Shane Lowry did not let slip a six-shot lead with one hole to play in the Open Championship at Royal Portrush. He was never likely to, of course, and it may be true to say that in a few years times no one will readily recall it was Tommy Fleetwood who finished runner-up. But it’s not always the case that no one ever remembers who came second.
Twenty years ago last Thursday, Jean Van de Velde failed to win the Open Championship at Carnoustie. The unheralded Frenchman had led by five shots after 54 holes and still had an advantage of three (rather than six) standing on the tee of the par-four final hole. You will know what happened next.
Having been fortunate to miss the waters of the Barry Burn with an errant drive from the tee, he went for the green with his second shot, instead of, say, hitting a couple of wedge shots and playing the hole as a par-five given that a six would win it for him. His approach shot ricocheted from the grandstand into thick rough, from where he hit his ball into the burn, from where he took a penalty drop, pitched into a bunker, took two to get up and down and went into a playoff with Justin Leonard and Paul Lawrie which the latter won.
So other than the slightly belated 20th-anniversary link, why am I mentioning this now? Because an enormous stroke of bad luck which did for Van de Velde came to my mind while watching an extraordinary stroke of good luck in the Cricket World Cup Final a week ago yesterday. Then a probable pivotal moment occurred when, in the final over of regulation play, a throw by New Zealand’s Martin Guptill hit the bat of England’s Ben Stokes and, by sheer accident, the ricochet turned what would have been two runs into six. (I’m not wading into the stuff about whether it should in fact only have been five runs.) As you will also know, England won the subsequent sudden-death playoff… sorry, super over.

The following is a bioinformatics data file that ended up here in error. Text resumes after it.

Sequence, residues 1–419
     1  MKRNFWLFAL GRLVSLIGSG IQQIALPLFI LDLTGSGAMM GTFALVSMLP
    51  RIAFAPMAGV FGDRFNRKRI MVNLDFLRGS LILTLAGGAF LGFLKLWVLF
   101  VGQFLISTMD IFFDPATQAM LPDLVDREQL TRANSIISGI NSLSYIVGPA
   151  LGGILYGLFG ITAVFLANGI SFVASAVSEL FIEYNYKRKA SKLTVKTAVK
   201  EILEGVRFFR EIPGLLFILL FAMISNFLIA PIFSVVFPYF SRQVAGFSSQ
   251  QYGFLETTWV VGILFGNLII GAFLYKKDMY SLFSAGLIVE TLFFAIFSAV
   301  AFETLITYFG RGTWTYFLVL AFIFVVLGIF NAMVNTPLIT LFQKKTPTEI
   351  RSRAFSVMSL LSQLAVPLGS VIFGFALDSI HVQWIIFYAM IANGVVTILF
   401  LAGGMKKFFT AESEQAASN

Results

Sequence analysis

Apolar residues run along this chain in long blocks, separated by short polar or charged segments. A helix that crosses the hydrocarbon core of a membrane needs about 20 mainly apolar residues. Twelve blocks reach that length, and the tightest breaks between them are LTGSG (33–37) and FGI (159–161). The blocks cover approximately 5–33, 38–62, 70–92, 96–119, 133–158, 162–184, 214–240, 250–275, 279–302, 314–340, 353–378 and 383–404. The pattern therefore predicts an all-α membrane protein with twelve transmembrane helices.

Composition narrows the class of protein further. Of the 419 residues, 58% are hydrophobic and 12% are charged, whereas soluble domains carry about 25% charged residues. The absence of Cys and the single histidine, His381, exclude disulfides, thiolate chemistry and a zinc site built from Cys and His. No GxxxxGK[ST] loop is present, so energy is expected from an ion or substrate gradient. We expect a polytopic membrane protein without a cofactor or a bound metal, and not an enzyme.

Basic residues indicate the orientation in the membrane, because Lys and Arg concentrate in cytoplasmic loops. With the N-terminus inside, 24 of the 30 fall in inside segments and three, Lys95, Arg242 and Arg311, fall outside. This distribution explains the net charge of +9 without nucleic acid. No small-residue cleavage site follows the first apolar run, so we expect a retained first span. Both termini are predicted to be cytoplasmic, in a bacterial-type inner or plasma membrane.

At Carnoustie, Van de Velde’s ball hit a railing on the stands and took the bounce it did. To hit a target as slim as that railing would pretty much be like hitting it straight into the hole. Had his ball finished in the grandstand, its likelier destination, he would have a got a free drop and surely won the Open. Instead, the fates well and truly stuffed him. A Hollywood scriptwriter wouldn’t have dared to suggest the ending that happened at Lord’s or Carnoustie; no one would try to pass this off as fiction. Nathan Leamon, an analyst with the England cricket team, last year published a novel called The Test which had a seemingly dramatic denouement but with hindsight was banal compared to the real thing,
Leamon and his friends had something, a huge something, to celebrate after their victory in the cricket. His loss in the golf eventually led to Van de Velde’s divorce from his wife, Brigitte. “After Carnoustie, Jean wasn’t the same person,” she said. “He had changed.” Is that any wonder? I remember Seve Ballesteros telling me that on the night after that Open he had woken up three times, having had the nightmare it had happened to him.
Fine margins indeed. At least Martin Guptill, who was run-out with the final ball of overtime, had his teammates to console him. As is usually the case in golf, Jean Van de Velde was essentially on his own.
You can follow Robert Green on Twitter @robrtgreen and enjoy his other blog f-factors.com plus you can read more by him on golf at robertgreengolf.com